German measles

German measles or rubella is already a rare disease in developed countries. With the introduction of the vaccine, the cases of this disease drastically reduced. On the other hand, German measles still exists in other parts of the globe. This disease is not considered life-threatening, but pregnant women and fetuses can end up with adverse complications.

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Causes of German measles

German measles is causes by a transmittable virus. An individual is contagious starting on the onset of rashes up to two weeks after the rash clears away. The virus can be spread by inhaling or touching secretions from an infected individual. In addition, the virus can be passed via the bloodstream from pregnant women to the fetus.

Risk factors

With the help of the vaccines that provide lifelong immunity, German measles is considered rare. Most cases typically occur among immigrants born in countries where the disease is prevalent. Those who travel abroad can acquire the virus and bring it home with them.

The rubella vaccine is administered to children 12-15 months old, thus infants and toddlers who have not received the vaccine face a high risk for acquiring German measles. Since the disease can cause harm to the fetus, many women who become pregnant have to undergo a blood test to confirm immunity to the disease.

German measles
The rubella vaccine is administered to children 12-15 months old, thus infants and toddlers who have not received the vaccine face a high risk for acquiring German measles.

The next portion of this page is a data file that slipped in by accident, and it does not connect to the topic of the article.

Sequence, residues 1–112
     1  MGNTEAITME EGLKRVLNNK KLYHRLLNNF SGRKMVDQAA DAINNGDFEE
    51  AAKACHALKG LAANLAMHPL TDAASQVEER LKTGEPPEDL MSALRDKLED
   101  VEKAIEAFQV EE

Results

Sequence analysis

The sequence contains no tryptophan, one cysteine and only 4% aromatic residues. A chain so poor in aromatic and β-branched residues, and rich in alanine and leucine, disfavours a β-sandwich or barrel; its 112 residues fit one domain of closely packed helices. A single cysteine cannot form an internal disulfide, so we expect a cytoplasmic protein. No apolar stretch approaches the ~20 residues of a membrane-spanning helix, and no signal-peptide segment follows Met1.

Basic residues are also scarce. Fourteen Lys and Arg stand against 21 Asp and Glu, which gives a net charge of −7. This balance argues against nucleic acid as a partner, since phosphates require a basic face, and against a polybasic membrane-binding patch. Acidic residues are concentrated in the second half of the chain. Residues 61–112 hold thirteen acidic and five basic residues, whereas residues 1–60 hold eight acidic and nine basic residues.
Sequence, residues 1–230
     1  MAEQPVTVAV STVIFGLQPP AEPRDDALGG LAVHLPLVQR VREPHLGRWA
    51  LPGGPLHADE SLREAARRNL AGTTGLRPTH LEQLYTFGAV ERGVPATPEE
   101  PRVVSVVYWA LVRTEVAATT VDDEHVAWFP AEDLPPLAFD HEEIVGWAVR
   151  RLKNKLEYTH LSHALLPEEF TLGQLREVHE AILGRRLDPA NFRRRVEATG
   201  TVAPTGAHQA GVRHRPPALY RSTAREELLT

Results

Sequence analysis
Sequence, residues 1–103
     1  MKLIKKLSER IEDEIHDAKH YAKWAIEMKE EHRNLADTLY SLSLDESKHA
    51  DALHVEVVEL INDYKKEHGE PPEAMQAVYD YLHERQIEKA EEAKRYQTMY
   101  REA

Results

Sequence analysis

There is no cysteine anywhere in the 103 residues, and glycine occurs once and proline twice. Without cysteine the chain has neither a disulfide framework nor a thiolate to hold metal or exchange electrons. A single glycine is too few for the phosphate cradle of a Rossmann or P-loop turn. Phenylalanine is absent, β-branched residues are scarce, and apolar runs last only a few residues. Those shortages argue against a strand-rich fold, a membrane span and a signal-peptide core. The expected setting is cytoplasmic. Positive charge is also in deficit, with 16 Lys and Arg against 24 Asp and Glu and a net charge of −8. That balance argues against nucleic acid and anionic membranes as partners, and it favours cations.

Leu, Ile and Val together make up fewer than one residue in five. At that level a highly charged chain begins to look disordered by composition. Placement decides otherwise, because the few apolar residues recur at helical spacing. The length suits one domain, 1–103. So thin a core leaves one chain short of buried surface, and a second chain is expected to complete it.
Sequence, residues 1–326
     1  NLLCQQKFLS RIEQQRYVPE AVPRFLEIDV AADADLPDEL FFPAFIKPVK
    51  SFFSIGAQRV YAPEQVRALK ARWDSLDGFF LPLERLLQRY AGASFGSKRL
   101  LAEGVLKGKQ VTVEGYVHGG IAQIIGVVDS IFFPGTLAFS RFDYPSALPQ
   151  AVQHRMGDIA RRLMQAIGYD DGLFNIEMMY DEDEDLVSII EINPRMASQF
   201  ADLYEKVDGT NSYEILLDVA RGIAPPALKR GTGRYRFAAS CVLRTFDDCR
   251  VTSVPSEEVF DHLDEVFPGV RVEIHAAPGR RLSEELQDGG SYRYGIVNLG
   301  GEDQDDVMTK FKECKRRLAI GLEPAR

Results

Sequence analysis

What are the symptoms?

It is important to note that the symptoms typically last 3-7 days and includes the following:

  • Runny or stuffed nose
  • Mild fever usually below 102 degrees F
  • Muscle pain
  • Headache
  • Swollen lymph nodes
  • Red or inflamed eyes
  • Pink-colored rash on the face and spreads downward

Even though these symptoms might not seem serious, a doctor should be consulted if an individual is suspected with German measles. Remember that this condition is considered as a public threat and cases must be monitored. If you want to properly manage the symptoms, click here.

The possible complications include brain swelling and ear infections. It is best to seek medical care if the individual has earache, prolonged headache or stiff neck during or after being infected with German measles.

Diagnosing and treatment of German measles

Since this disease is similar to other conditions that causes rash, the doctor will confirm the condition with a blood test. The test will detect antibodies in the blood which are present in immune and infected individuals. The level of antibodies is used to determine if the individual has the condition.

In most cases of German measles, they are treated at home. The doctor will recommend isolation from others to prevent the spread of the condition. As for pregnant women, they are treated with antibodies to fight off the infection.

Prevention

Vaccination is considered as an effective and safest way to prevent German measles. At the present, the vaccine is usually combined with vaccines for mumps and measles as well as varicella.

The vaccine is given to children between 12-15 months old. A booster shot is required between 4-6 years of age. Take note that the vaccines contain minimal amounts of the virus, thus expect mild fever and rashes.

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